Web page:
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Bobby Messett.
Central Criminal Court

Man goes on trial for murder of Bobby Messett at Bray Boxing Club in 2018

Gerard Cervi pleaded not guilty to the murder charge and not guilty to the attempted murders of Ian Britton and boxing coach Pete Taylor.

THE STATE HAS told a jury that fingerprint and DNA evidence taken from a van allegedly used by the gunman in the Bray Boxing Club shootings five years ago link them to the man on trial accused of murdering an early morning gym-goer and the attempted murder of well-known coach Pete Taylor.

Gerard Cervi (36) from East Wall in Dublin 3, was twice arraigned before the Central Criminal Court this afternoon charged with the murder of Robert ‘Bobby’ Messett on 5 June 2018 at Bray Boxing Club in Bray Harbour in Co Wicklow.

Cervi, who appeared in court dressed in a grey suit, white shirt and yellow tie pleaded not guilty to the murder charge and not guilty to the attempted murders of Messett’s fellow gym-goer Ian Britton and boxing coach Pete Taylor on the same occasion.

The planned opening of the trial before Ms Justice Karen O’Connor was delayed this morning when a juror was excused and had to be replaced from the jury pool.

Opening the case this afternoon, Paul Murray SC, for the State, told the jury that a gunman went into Bray Boxing Club at 6.50am on 5 June 2018, and went to the door of an exercise class where Taylor was teaching.

“He proceeded to fire a number of shots, nine in all, starting it would appear on the right-hand side and going around the room,” Murray said.

“The nearest person to him was Mr Bobby Messett. Mr Messett was shot in the head and died quickly at the scene. One of the other people there was Mr Ian Britton. As the shots continued he was also shot, but survived.

“Mr Taylor himself, who attempted to make a run at the gunman from the left or left-centre of the room was also shot,” Murray said.

As a participant in Taylor’s exercise class, Messett was “quite simply in the wrong place at the wrong time”, Murray suggested to the jury.

He said the jury would be shown CCTV evidence of the gunman running to a “distinctive” grey Volkswagen Caddy van outside with a yellow plate and British registration number Counsel said there would be further CCTV footage showing that van travelling from the scene of the shooting, via Cabinteely and Poolbeg, to the Pigeon House Road in Dublin’s Ringsend.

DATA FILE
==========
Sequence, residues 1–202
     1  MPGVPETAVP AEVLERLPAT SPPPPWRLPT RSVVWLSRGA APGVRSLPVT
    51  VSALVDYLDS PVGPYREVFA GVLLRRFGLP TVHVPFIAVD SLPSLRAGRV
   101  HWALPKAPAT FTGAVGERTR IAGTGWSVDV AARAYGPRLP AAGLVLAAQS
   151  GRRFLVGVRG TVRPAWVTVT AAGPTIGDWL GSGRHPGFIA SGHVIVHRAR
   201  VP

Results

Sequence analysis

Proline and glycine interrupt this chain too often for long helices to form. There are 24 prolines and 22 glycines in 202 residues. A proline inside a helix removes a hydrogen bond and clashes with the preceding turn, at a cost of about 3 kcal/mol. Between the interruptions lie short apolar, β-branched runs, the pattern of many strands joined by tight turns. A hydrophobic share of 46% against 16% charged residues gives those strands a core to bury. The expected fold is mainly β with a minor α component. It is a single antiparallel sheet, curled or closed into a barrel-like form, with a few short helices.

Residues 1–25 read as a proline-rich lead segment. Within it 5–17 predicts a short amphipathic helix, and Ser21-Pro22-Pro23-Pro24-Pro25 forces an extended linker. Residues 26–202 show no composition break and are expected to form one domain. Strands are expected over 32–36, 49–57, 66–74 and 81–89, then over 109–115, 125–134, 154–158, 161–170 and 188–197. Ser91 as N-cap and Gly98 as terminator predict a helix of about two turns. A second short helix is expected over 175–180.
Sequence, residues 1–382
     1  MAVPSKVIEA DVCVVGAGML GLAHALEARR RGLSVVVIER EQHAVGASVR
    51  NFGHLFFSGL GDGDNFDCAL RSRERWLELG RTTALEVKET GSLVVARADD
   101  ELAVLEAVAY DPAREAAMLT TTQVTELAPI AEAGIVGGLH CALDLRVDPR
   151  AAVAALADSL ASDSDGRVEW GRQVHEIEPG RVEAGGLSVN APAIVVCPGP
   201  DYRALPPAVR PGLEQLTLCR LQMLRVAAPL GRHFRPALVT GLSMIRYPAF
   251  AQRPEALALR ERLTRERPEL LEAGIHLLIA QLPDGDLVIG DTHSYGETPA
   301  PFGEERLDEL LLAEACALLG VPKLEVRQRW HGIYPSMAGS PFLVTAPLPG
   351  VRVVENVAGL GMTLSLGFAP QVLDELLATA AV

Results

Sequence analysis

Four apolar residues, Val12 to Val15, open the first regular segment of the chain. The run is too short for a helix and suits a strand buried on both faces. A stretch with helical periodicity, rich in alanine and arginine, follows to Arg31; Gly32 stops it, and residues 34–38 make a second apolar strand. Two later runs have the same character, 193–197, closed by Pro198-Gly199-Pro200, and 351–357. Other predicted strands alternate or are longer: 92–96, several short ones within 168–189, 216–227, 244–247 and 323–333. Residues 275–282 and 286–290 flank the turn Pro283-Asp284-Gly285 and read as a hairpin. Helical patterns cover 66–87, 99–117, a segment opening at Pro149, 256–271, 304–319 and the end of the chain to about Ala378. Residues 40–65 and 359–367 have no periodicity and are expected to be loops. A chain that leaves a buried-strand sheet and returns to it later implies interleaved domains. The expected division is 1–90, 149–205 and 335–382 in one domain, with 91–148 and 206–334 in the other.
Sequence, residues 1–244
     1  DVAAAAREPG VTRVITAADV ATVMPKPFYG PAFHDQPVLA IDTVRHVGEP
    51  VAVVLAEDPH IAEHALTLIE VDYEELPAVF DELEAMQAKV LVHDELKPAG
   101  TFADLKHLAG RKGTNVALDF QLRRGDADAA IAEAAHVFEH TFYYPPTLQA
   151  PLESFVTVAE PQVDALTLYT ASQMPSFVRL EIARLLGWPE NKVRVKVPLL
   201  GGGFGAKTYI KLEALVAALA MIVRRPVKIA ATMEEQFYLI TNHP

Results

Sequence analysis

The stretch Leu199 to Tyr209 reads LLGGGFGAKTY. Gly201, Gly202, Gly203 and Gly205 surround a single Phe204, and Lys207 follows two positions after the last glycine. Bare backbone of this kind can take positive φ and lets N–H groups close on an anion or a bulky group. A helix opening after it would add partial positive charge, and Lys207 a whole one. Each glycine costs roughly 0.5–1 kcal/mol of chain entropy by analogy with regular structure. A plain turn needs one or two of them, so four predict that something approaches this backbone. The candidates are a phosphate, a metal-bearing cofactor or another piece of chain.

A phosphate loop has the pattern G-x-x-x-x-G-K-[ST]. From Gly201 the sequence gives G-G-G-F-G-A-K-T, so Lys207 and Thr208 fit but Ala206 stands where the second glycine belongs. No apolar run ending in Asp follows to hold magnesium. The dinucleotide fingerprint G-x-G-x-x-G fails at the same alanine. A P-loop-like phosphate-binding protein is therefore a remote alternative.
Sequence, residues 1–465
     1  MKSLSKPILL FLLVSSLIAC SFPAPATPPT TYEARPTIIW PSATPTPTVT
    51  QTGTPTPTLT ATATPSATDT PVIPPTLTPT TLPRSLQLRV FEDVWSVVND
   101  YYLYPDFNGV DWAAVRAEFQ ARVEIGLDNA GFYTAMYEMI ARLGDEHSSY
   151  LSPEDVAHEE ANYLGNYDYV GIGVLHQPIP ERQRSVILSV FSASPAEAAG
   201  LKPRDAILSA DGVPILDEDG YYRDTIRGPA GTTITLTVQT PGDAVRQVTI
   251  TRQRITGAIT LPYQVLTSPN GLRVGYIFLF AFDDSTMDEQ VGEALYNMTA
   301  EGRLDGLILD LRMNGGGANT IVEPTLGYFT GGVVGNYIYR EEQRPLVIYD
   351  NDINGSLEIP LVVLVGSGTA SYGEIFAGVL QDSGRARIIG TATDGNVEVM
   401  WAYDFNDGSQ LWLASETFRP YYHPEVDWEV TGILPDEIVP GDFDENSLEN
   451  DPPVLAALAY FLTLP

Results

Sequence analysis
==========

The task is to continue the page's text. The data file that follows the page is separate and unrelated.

Murray displayed a series of CCTV stills, which he said would be put into evidence as part of over five hours of recordings making up the State’s case, which he said showed the movements of Cervi and his partner, along with the van in the days prior to the shooting and in the preceding week.

When gardaí seized the van, they found white spirit bottles, Murray said, adding that a fingerprint expert was ready to testify that the marks of Cervi’s left little finger and right thumb had been found on two of them.

DNA samples taken from the passenger seat and the handbrake of the van would also show a connection to Cervi, Murray added.

Further CCTV sequences which would be put into evidence would show Cervi “going to the van” via the Eastlink Bridge the Pigeon House Road in the very early hours of the morning of the shooting on a “distinctive” white and black mountain bike and returning from the same place later that day.

“The prosecution says the man who entered the boxing club and killed Bobby Messett was Gerard Cervi and that he also attempted to murder Ian Britton and Pete Taylor respectively,” he said.

He said the State’s case was made up of circumstantial evidence, the combined effect of which was to link Cervi with the shooting.

“It is no derogation of evidence to say that it is circumstantial. A case is not weakened in any way by fact it is circumstantial. If the evidence is there then remember the oath you gave – ‘a true verdict give in accordance with the evidence’,” Murray said.

“While the gardaí investigate and the DPP prosecutes, you and only you decide,” Murray told the jurors.

“When people hear you’re on the jury they will very quickly tell you how you should conduct your affairs,” Ms Justice O’Connor told the reconstituted jury of six men and six women, adding that they and they “alone” would decide the matter and that they should not discuss it with anyone.

She further directed them not to conduct any research of their own or to “engage in social media in any way in relation to this trial”.

A lengthy witness list including the men named as victims in the attempted murder charges, Taylor and Britton, was read to the jurors.

Ms Justice O’Connor adjourned the trial overnight. The matter is expected to run for six to seven weeks.